The Summit 52 packing system is a versatile, lightweight, and dependable system that is well suited for multi-day backpacking, day hikes, water sports, and much more. The 6-point compression panel, ergonomic frame, contoured shoulder straps, and padded hip belt make this a great pack for any adventure. The integrated flip-down seat feature provides comfort and convenience on and off the trail.
Frame Type: Large Exo-Frame | Fitting and Sizing details
Pack Weight: 2.7 kg | 6.0 lb.
Pack Fits Torso Length: 18.0-23.0 in / 45.7-58.5 cm
Frame Material: Glass-Filled Nylon
Material(s): 210D Ripstop Cordura | 3-Layer Hypalon
Hardware: UTX High-Impact Buckles
Gear Capacity (Main): 52L | 3400 cu-in
Additional Features: Quick Release Straps | Velcro Strap Keepers | Sliding Sternum Strap | Zippered Storage Pocket | Lash Loops
My buddy recommended this pack to me. It was a great buy. This thing is awesome in the snow. I took it on a 2-day back country snowshoe trek in Colorado and I loved it. The recommended dry bag option for gear is spot on. All my stuff stayed dry and it was easy to stash inside my tent. My pack’s chair was awesome around the warming fire, and kept my butt off the cold during breaks. Best snow pack.
Kevin T. –
I grew up using a old kelty external frame pack (hand me down) and it worked pretty well for distributing the weight. Like everyone else I transitioned to internal frames. The problem I have is that a lot of heat and moisture gets trapped between my back and the pack, which means prickly heat and rub marks on my lower back. And, it seemed like the pack’s weight just wasn’t carried as well. So I decided to try going back to an external frame pack. After a bit of research I heard about you guys and your exoskelton frame. I bought my summit 52 in late July and have used it on several trips… (finally getting around to a review). I tested it on a 10 mile weekend trip, then gradually increased to longer trips. The last was a 37 mile trip over 4 days on the AT. Each time it was comfortable to wear, it breathed, and my back felt great. The chair is a bonus when resting along the trail. The only downside is there could be a larger outside pocket to hold trail-ready items and a hydration bladder. Still, this really is a great modern framed pack.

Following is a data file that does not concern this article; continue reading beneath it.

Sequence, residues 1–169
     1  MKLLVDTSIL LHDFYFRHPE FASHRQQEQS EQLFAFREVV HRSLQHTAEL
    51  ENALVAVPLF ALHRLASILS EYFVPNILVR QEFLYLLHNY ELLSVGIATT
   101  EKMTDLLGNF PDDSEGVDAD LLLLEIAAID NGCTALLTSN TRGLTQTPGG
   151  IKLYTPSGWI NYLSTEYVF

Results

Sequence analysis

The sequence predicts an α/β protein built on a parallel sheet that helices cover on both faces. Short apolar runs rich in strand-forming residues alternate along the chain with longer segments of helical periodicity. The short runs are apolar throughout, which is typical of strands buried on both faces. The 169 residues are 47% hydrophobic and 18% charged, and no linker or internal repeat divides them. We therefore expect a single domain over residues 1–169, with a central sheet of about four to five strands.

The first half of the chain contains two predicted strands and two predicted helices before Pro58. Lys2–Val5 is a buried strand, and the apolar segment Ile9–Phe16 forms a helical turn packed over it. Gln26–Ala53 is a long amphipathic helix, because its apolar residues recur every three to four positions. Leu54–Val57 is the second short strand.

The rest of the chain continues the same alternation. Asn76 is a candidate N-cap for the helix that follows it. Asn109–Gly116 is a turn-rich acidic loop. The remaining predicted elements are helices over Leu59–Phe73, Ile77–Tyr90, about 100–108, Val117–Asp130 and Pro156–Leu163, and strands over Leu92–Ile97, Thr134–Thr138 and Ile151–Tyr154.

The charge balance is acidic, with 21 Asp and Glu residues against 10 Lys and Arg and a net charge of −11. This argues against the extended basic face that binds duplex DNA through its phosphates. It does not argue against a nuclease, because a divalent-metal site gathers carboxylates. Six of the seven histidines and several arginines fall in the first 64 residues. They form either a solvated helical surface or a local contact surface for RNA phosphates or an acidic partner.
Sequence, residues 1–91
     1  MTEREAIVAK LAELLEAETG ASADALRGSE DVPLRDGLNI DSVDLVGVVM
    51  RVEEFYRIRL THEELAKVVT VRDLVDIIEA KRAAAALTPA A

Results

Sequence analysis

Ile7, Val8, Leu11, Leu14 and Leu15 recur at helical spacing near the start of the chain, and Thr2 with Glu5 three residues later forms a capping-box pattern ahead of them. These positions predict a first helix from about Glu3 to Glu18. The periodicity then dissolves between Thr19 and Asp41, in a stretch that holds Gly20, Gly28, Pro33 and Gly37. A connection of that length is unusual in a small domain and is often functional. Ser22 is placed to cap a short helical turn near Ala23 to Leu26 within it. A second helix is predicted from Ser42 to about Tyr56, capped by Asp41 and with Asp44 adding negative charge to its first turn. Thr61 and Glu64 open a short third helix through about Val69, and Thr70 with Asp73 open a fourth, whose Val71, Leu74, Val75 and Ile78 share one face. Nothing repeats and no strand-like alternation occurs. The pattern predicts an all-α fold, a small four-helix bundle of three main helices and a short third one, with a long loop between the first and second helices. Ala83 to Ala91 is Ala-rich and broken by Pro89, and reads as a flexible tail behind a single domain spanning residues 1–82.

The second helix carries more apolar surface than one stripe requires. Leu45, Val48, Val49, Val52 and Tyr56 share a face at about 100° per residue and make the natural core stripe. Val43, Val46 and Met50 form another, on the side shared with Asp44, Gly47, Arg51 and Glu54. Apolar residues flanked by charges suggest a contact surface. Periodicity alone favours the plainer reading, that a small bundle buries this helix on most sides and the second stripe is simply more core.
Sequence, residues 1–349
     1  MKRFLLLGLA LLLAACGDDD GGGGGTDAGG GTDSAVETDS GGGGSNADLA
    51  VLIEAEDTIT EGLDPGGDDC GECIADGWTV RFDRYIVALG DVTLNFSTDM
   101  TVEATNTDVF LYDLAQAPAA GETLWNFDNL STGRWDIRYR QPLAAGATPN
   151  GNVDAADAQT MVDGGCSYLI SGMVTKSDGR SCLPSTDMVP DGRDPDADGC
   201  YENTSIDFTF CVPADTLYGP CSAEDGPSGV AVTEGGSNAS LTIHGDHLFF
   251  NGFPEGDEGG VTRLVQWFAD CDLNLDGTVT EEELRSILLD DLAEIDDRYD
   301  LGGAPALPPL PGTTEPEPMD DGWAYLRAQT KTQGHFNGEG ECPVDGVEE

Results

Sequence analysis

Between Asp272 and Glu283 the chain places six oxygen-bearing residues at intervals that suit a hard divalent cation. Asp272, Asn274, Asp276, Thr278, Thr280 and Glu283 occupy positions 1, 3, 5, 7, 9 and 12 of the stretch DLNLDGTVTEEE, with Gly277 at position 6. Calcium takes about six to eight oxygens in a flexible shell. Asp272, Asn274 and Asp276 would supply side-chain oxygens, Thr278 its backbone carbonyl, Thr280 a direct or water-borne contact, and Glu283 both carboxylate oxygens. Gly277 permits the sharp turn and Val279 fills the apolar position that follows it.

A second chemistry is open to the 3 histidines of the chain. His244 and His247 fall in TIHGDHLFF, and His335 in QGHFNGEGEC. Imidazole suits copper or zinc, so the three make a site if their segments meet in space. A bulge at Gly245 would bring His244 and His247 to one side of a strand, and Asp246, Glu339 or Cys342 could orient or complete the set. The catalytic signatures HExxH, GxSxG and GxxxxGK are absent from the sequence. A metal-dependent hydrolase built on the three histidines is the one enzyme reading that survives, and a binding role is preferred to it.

I bought this pack as a way to carry my dry bag. Sometimes I have to walk a bit to get to a place where I can put my 12′ kayak in, and carrying my dry bag is a pain. My Summit52 makes this process so much easier and way more efficient, not to mention the awesome seat. I love that I can chill out on the beach and lounge in my pack’s chair. This pack is way cool and perfect for water sports! 5 stars from me.
Pros – This pack is very comfortable to wear, and it is easy to fit. The modular design lets you carry all kinds of loads. example – I like being able to carry my climbing rope bags stacked, instead of stuffed inside a pack. I can strap a small bag on to it for use as a day pack, or a large bag to use for multi-day trips. The chair is awesome around the campfire, on the trail, or inside my tent. Cons – There could be more pockets. The internal external lash points offer plenty of ways to attach gear and hydration, but a larger outside pocket would make it better. The external pocket that it does have works only for smaller items (wallet, cell phone, keys, etc..). As is, it is a good pack. If you use a bag with external pockets (old backpack with straps removed) it works great. That is my tip of the day. 😉
At first I was intrigued by the foldout seat integrated within the frame. Yep, it is pretty handy and quite clever. However, I am more amazed at how versatile this pack is. The concept of using a simple compression panel and external frame is really quite smart. It is more of a modular approach to packing gear. I own a half-dozen packs that I used for various activities. Essentially I used a different pack for a different activity. Honestly it was rather inefficient. Now I can use the same “pack” for all my activities. I use different sacks for various types of gear or load sizes and simply drop them into my Summit, pull a few straps tight, and I am ready to get on with it. Historically external frames were always known to be better for managing weight. The Summit’s composite external frame is a hightech modern version that is much lighter and far more comfortable. The only downside to this “pack” is that it does not have any external stuff pockets. There is one zippered pocket on the outside panel, which is good for smaller items. Otherwise, you have to strap gear to the outside or stuff it between the compression panel and the sack. Overall it works great and a really cool concept.